Honda unveils first fuel cell five-seat car
Japanese car maker Honda has rolled out a new fuel cell vehicle, the first of its kind to be a five-seater.
But the zero-emissions Clarity may not sell in big numbers, given its price tag of 7.66 million yen (£47,500).
Honda said its Japan sales target for the first year was just 200 vehicles, all of them through leasing to government organisations such as the Environment Ministry and businesses.
Tokyo-based Honda says the Clarity will go on sale in California later this year for about £42,500, and will lease for under £355 a month.
In Japan, the monthly leasing cost will vary according to the contract but will probably be about £625. Government green subsidies are expected to help defray the cost.
All the world's major car makers are working on fuel cells, which are being used to a limited extent in Japan, mainly through leasing.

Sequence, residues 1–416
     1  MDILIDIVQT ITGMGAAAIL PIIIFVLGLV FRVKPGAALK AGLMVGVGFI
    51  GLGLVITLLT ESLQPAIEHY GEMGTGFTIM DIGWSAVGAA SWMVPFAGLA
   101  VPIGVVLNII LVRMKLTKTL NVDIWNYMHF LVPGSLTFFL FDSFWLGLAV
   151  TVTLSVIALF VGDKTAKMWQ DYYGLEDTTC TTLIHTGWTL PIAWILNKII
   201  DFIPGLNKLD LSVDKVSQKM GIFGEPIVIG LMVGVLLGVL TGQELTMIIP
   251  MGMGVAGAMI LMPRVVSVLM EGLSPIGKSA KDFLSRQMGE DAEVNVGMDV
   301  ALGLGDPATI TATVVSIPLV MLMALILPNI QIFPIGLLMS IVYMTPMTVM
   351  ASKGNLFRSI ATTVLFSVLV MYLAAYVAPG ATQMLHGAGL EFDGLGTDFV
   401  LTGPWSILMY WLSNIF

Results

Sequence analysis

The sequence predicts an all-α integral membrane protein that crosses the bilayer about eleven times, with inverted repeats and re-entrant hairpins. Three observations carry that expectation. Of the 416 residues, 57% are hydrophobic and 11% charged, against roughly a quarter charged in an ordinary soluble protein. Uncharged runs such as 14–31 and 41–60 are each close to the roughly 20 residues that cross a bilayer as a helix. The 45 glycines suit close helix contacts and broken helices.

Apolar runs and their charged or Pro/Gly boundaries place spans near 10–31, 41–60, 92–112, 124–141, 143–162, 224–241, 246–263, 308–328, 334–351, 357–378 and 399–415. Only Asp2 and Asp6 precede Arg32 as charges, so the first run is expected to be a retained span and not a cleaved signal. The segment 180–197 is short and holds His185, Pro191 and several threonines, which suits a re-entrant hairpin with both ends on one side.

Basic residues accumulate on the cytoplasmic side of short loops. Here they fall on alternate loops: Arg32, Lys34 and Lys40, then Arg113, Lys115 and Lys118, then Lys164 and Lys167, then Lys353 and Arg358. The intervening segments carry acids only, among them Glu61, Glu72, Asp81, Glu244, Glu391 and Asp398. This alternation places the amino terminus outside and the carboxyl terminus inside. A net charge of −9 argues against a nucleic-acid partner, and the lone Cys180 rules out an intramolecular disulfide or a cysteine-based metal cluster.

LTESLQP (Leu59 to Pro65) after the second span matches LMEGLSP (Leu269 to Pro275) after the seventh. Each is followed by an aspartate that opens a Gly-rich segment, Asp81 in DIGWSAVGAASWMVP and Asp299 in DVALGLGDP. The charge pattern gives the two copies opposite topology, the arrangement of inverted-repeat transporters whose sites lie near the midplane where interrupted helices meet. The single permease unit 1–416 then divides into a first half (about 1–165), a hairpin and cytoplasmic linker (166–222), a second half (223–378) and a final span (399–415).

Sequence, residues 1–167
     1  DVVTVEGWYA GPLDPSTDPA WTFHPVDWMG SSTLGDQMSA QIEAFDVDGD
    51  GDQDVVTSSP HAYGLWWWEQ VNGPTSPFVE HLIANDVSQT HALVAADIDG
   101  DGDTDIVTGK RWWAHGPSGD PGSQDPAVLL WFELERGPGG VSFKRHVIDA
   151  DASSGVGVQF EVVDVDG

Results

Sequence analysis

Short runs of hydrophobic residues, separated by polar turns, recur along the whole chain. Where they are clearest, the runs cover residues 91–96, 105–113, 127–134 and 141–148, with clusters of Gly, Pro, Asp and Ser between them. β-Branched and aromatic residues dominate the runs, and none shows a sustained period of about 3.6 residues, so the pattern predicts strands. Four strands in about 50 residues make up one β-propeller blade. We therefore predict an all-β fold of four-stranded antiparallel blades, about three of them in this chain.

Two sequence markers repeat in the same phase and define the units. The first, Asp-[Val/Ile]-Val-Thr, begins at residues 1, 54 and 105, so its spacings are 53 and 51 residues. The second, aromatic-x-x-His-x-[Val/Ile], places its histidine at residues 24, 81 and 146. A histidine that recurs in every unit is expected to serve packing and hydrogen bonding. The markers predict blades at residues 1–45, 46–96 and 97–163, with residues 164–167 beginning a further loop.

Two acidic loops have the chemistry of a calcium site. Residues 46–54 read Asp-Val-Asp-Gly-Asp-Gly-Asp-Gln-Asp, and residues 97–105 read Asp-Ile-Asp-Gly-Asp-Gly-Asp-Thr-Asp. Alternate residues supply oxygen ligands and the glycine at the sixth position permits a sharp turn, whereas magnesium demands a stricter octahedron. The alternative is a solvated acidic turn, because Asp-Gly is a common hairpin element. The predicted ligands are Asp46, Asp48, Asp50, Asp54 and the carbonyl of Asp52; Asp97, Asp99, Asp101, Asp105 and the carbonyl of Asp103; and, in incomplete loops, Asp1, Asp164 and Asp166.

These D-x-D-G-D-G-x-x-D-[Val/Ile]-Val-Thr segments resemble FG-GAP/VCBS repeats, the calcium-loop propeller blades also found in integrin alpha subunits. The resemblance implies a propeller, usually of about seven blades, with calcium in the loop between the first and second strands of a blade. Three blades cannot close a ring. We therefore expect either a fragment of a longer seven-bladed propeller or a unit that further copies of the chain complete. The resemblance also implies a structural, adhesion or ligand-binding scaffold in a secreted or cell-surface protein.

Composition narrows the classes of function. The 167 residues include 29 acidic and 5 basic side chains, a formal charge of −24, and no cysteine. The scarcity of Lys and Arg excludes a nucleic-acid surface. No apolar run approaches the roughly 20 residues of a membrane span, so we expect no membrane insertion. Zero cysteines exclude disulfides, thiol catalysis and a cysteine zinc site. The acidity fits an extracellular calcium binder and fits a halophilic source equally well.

They are super-clean, running on the energy created when hydrogen stored as fuel combines with oxygen in the air and so emits only water.
Honda, which also makes the Civic and the Asimo robot, is a pioneer in fuel cell technology.
Its fuel cell became the first certified by the US Environmental Protection Agency and the California Air Resources Board in 2002.
The new model has a cruise range of 470 miles on a full tank, which is at the top for a saloon car, according to Honda.
Honda has been able to make the new fuel cell more powerful, and reduce its size, allowing for five passengers, instead of the previous four.
Last month, Honda's president said two-thirds of the company's sales will be zero-emissions, including fuel cells and electric vehicles, hybrids and plug-ins by 2030.
Japanese rival Toyota started selling its first fuel cells last year and Volkswagen, Hyundai, General Motors and Mazda also have fuel cells in their line-up.